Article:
When the production company Original Media, responsible for “Swamp People”, came under new management, they made drastic changes that included the firing of several cast members. It didn’t come as a surprise to some because it was a given that in creating new storylines or dynamics in a reality TV show, they needed to introduce new cast members. However, the show had a loyal following, and some weren’t happy about the changes they made, including firing those who had been featured since the start, and those who had become favorites, such as the ‘Gator Queen – this happened after they filmed the sixth season.
Most of the cast members who were let go went back quietly to working in the swamps as they always did, series or no series.
— Jessica Cavalier (@GatorPrincessJC) May 16, 2013
Liz, on the other hand, took to Facebook and shared how she, her family, and some of the original hunters were fired for reasons that the company chose not to disclose, and they would no longer be seen in the series starting season seven. It was clear she was unhappy about this development in the way it was handled, and what it meant to their fans, although she was non-confrontational about it. She added, ‘We will continue with our regular lives, and hope to stay connected with all of you in the future.’
The production company didn’t like her posting about the firing of people on social media, and requested her to delete them. There didn’t seem to be any non-disclosure agreement that she had broken, only that they probably didn’t want this negative publicity. Apparently, after her post, they received ‘nasty ‘phone calls and complaints’ from viewers. Liz didn’t react well to the company’s attempt to silence her, and told her fans all about it.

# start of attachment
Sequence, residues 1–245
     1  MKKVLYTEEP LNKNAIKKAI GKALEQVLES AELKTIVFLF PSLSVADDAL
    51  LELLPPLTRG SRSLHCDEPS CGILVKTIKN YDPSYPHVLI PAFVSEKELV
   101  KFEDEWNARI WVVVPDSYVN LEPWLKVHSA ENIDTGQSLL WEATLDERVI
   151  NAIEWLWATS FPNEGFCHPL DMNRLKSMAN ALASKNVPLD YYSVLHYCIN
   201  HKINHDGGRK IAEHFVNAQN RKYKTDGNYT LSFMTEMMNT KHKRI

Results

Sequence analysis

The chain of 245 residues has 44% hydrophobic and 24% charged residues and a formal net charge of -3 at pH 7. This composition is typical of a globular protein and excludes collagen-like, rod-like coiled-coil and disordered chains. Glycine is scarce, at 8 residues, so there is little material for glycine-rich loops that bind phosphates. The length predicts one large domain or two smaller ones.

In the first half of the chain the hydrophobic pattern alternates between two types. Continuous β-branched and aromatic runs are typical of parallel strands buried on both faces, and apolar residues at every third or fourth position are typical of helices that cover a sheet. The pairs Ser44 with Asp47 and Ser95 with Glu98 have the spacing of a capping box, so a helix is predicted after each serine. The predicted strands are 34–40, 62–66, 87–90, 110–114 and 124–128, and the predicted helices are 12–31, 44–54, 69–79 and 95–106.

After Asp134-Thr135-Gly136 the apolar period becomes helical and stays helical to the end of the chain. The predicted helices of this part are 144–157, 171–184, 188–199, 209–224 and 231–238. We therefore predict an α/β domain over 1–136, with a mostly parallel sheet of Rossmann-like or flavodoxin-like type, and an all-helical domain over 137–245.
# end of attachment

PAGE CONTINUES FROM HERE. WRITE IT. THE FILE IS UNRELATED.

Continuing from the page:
She had no intention of deleting her posts, saying, ‘I wear my heart on my sleeve, and I will die that way. My family and my heritage stay alive always until I die.’ She added, ‘I support Louisiana 100 percent. Rather keep my pride than sell my soul to the devil!’
It was said she posted about all this on social media, because of the rumors that started spreading about her and the other hunters asking for more money to continue to appear in the show, which they denied. Others speculated that it was because they attended trade shows to sign autographs and sold merchandise, and the producers didn’t know about it, or didn’t receive a cut on the sale. However, the real reason remained a mystery.
Life after “Swamp People”
She continued to harvest gators during hunting season, and in 2015, Liz released “The Gator Queen Liz Cookbook,” dedicated to her late father and mother, which was a 192-page hardcover with 100 recipes for authentic Cajun food, and 75 colored photos.
She was touched by how the photos came out, and said, ‘That’s us. They’re our actual lives we live. I just love it.’ Liz shared recipes for duck, venison, crawfish, and nutria, as well as tips on how to cook turtle, squirrel, rabbit as well as ‘gator meat; she also included her Mama Ella’s cracker pudding recipe. She said, ‘My mother was my heart and soul of cooking. I love to cook and my mom was an excellent cook who taught me a lot.’ In fact, Liz once worked as a cook at Too’s Seafood and Steakhouse in Pierre Part.
Her family had an official website that sold merchandise, and offered bookings for Team Liz.
Back on the reality TV series
In season 12, many were surprised to see Liz back on the show. It seemed that the bayou was overrun by ‘gators, and she would help cull the population. She was accompanied by her stepson, Destin, whom she was proud to say was continuing the family tradition of gator hunting.